Thursday, March 7, 2013

Ponce de Leon discovers the Florida Keys


Did you know that Juan Ponce de Leon discovered the Florida Keys?  While there is no definitive proof that he actually walked the shores of Key West, recorded history tells us that 500 years ago this month, he was exploring the neighborhood.

Most think of Key West’s history as beginning in 1822.   The island, then known as Cayo Hueso, was purchased by Mobile, Alabama, native John Simonton from Juan Pablo Salas, who had acquired it through a Spanish land grant in 1815, in recognition of services rendered the Crown.   But, of course, there’s more before that.

Rewind to the year 1492, shortly after the end of the Crusades.  A certain Genoese mariner by the name of Christopher Columbus conceived the idea of searching out a new trade route to China by sailing westward around the world.  He went from one European court to another until King Ferdinand of Aragon and his wife, Queen Isabella, of Castile, agreed to sponsor him.  Basking in the heady success of the Christians at Grenada recently wresting back control of Spain from the Moors, they were willing to take a chance on the seafarer’s hunch.

Stumbling upon the New World while thinking it to be India, Columbus’ accidental discovery caused a sensation in Europe, whetting the appetite of every power to plunder the imagined treasures of the strange new frontier.  The Pope being in charge of such things at the time, divided the newly-discovered lands between Spain and Portugal and the rush was on, Ponce de Leon at the forefront of a long line of conquistadores to follow. 

On Easter Sunday – late March of 1513 -- Ponce first sighted land near present-day St. Augustine, while searching for the mythical Fountain of Youth.   On April 2, he claimed it for Spain.  Not realizing that it was a peninsula of a much larger continent, he thought he had discovered an island. 

Sailing south, he avoided the swift northerly-flowing Gulf Stream by clinging to the coast.  He subsequently came to the crystalline basin of reefs, marshy shallows, and mangrove-tangled islands that we now know as the Florida Keys.  By June, he reached another archipelago of islands that he named “Tortugas” (Spanish for “turtles”).  Birds and sea turtles captured at what we now call the Dry Tortugas replenished his three tiny ships’ food supplies.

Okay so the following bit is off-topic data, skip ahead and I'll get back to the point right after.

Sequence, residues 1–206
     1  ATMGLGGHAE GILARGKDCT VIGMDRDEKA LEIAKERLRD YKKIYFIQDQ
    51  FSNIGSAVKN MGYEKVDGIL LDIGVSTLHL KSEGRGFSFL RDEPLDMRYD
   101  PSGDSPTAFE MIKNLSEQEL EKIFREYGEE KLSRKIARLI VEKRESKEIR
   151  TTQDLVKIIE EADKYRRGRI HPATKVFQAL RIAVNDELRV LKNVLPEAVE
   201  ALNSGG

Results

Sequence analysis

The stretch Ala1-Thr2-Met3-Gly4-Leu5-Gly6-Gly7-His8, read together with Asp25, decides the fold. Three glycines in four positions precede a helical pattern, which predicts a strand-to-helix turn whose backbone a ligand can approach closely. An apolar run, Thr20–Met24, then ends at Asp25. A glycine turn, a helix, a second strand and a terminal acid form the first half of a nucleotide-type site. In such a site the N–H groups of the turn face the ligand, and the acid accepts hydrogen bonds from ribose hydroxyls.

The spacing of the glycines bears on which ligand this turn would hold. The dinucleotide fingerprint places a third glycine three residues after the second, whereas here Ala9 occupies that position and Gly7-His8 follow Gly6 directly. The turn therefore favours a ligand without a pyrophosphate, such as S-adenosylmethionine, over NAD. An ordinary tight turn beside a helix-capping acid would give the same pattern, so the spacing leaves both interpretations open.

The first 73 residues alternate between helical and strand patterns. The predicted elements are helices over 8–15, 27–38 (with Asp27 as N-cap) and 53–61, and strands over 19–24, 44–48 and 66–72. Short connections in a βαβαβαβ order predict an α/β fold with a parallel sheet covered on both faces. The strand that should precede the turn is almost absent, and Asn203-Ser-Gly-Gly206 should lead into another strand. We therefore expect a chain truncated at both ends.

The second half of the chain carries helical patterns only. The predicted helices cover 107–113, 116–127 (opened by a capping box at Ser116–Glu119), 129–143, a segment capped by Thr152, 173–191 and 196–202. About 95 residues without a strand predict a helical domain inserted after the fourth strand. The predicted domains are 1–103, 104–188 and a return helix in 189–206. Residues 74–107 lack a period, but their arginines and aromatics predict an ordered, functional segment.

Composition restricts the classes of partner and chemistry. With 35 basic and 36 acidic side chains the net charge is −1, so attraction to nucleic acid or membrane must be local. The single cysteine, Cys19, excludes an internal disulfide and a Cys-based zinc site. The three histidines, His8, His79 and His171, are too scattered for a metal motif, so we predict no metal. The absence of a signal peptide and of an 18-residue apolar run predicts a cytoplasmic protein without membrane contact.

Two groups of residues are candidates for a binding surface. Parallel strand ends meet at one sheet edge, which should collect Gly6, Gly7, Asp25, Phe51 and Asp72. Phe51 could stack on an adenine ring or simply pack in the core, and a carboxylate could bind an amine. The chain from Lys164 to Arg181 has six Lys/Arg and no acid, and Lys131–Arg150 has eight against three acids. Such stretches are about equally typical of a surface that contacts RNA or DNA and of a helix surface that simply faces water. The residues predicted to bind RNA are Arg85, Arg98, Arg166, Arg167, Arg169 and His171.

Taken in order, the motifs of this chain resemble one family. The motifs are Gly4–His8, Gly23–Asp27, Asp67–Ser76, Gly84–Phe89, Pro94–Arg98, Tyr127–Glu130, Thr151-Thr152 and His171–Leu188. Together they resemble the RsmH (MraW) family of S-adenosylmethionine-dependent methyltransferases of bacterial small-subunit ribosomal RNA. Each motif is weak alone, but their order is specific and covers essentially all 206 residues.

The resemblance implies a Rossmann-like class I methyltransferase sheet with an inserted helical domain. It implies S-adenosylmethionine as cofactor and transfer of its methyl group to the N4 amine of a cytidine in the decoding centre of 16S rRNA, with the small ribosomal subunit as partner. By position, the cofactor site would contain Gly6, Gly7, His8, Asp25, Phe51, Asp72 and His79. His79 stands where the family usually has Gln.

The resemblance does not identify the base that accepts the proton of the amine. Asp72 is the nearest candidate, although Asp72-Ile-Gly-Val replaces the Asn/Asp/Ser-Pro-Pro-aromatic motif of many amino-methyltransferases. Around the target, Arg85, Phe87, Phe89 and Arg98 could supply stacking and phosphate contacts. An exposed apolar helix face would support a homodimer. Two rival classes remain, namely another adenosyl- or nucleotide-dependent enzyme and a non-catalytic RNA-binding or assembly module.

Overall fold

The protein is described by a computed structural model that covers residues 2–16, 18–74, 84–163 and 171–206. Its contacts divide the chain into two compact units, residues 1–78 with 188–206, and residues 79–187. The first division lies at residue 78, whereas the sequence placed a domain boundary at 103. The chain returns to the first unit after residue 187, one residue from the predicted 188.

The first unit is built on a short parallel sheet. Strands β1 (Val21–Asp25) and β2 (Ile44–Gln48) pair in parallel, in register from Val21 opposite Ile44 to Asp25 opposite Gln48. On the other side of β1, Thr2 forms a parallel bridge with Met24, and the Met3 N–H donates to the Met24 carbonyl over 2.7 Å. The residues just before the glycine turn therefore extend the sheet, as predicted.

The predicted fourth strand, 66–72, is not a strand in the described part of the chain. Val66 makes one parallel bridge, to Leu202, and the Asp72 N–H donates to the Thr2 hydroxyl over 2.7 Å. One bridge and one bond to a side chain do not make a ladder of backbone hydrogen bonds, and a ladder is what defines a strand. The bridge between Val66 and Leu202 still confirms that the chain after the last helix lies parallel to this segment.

Upon his return to Spain, the notes and maps of Ponce’s discoveries in the New World became the first recorded history of Florida, the Florida Keys, and the Dry Tortugas.  Along with Cuba, they collectively became a colony, to be ruled by Spain, almost without interruption, for the next 270 years.

This year, Florida is celebrating the rich dynamic that our Spanish heritage has brought to our lives here in the State of Florida.  Placing our home in the Keys amongst the larger context of European exploration of the Caribbean and the New World enriches us with a deeper appreciation of our multi-cultural heritage and allows us to comprehend that our nation is a mere fledgling on the world stage.

When next in Key West, stay at the Tropical Inn and let your friendly hosts book an unforgetable day trip to the Dry Tortugas for you!

Sunday, October 14, 2012

Goombay & Fantasy Fest

The first hints of Fall (yes, we do experience "seasons", here in our subtropical Paradise) ... arrived this week:  a blessedly fresh front of cool, crisp air  ... and banks of haphazardly-painted yellow barricades, fresh from the Public Works storage yard, scattered randomly along Duval Street.  Must be the Party of the Year can't be far behind:  Goombay is next weekend, kicking off the ten days of annual madness known as Fantasy Fest.  Like Mardi Gras in New Orleans and Carnival in Rio, it’s a legendary party that should be on everyone's Bucket List!
  
In 1978, on Halloween Day, local entrepreneurs/Key West icons, Joe Liszka and his partner, the late Frank Romero, found themselves at what is now perhaps the busiest intersection in Old Town, Front and Duval Streets. On a typical day of warm, brilliant sunshine, lay before them a distressingly deserted scene: nothing moving, no traffic, no tourists ... shuttered storefronts because there was no business to support the shops during “off season”.
They decided that what was needed was “a fest, a carnival, a celebration, something that will entice people to change our moribund season to one of great fun; a party that will bring many people to understand that this season is one of our best.”  The shared vision and inspiration created on that day proved to be the incubation of the concept that would become Fantasy Fest, a celebration of good-natured debauchery and zany, ribald merriment.